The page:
Our Measurement Menace of the Year Award for 2020 goes to those government officials that distorted, disguised, or buried COVID data in order to support their policy decisions.
Over the decades our Measurement Menaces of the Month and the Year awards have highlighted a lot of bad metrics, misuse of data, and downright measurement stupidity. Typically, the consequences of all that idiocy are bad decisions and/or success attributed to the wrong sources. Never before have the consequences been death. But what do you expect in 2020?
Since March, when the COVID pandemic truly took hold in the U.S. and states began issuing stay at home orders, it’s been clear that good data is key to making the right decisions. Without reliable data on how many people are sick, how many people have been hospitalized, and how many people have died, you don’t have a clue what to do because you can’t recognize or forecast trends. Moreover, without transparent, publicly available data, decision making based on that data becomes subject to manipulation for political ends. As a result the public loses trust in government institutions, policies, and decisions.
In our unique system of government, these United States are not really 50 united states. They are 50 fiefdoms that governors and state legislatures control. So, when local, state, and federal health departments started putting together statistics on the impact of COVID, the data was anything but consistent. So, the first and most important job was to figure out how to get all that data into usable shape and in one place so it could be made public and disseminated.
Unfortunately, officials at both the state and federal levels took action to allow the data to be distorted to suit their political ends. At the national level, the CDC had a system in place to collect data from hospitals. In July the Trump administration ordered hospitals to bypass the CDC and send their data to the Department of Health and Human Services. At HHS the data was no longer available to the public.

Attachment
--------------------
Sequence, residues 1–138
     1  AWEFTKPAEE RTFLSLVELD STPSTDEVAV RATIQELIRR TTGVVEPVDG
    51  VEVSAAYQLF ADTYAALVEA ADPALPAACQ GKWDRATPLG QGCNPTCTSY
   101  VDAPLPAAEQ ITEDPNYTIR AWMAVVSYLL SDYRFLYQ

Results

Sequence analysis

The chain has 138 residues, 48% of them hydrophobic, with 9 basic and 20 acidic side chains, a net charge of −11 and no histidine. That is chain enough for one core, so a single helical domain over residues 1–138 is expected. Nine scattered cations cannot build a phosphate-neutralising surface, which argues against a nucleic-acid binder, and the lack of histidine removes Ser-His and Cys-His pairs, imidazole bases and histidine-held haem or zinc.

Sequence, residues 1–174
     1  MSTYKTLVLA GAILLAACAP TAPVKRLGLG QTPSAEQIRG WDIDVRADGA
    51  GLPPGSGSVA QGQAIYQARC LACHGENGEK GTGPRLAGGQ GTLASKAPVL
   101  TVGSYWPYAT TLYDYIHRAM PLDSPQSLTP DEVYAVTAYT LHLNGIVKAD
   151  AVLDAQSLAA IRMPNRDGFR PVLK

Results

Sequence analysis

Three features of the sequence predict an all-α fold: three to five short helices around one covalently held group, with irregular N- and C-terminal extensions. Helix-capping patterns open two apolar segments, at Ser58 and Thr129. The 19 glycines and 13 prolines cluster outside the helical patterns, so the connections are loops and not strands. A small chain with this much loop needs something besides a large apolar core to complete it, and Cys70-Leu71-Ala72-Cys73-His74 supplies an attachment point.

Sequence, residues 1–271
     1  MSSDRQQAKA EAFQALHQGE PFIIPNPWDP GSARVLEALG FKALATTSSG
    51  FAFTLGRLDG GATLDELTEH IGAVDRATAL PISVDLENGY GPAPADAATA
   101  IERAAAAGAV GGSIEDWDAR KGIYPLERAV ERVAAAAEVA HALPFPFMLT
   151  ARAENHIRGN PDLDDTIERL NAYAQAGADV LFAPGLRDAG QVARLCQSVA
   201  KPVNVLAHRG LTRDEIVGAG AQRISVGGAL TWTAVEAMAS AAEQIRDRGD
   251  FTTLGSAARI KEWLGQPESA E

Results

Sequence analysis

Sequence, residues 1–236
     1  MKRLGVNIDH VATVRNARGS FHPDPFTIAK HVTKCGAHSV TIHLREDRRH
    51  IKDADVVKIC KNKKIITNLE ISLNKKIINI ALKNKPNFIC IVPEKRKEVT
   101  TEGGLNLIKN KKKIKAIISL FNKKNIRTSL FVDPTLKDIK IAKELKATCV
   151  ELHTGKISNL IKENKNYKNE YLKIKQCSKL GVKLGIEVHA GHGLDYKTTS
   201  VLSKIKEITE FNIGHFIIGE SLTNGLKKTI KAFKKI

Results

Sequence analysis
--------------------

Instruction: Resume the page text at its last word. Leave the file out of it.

At the same time, individual states were struggling to provide their citizens and policy makers with accurate data. Some governors decided to bypass their public health departments’ policies regarding releasing all data to the public. Instead, they transferred control to departments more directly under the governor’s authority, generally when their state COVID data wasn’t convenient to the government’s plan for reopening the economy. Georgia, Arizona and Florida were the most notorious, but other states whose governors failed to follow the data or believe the science also suffered calamitous consequences.
I’m not a huge fan of our governor here in New Hampshire, but I thank God every day that he was trained as an environmental engineer and has a background in science. He is part of the reason New Hampshire is fourth from last in cases per 100,000 population.
We’ll never know how many people got sick or died from the myriad of bad decisions made by American government officials at all levels in response to the COVID pandemic. But it is clear that burying, ignoring, or fudging the data has led to needless suffering, including 300,000 dead so far. For that we name all those government officials who mishandled COVID data our Measurement Menaces of the Year. ∞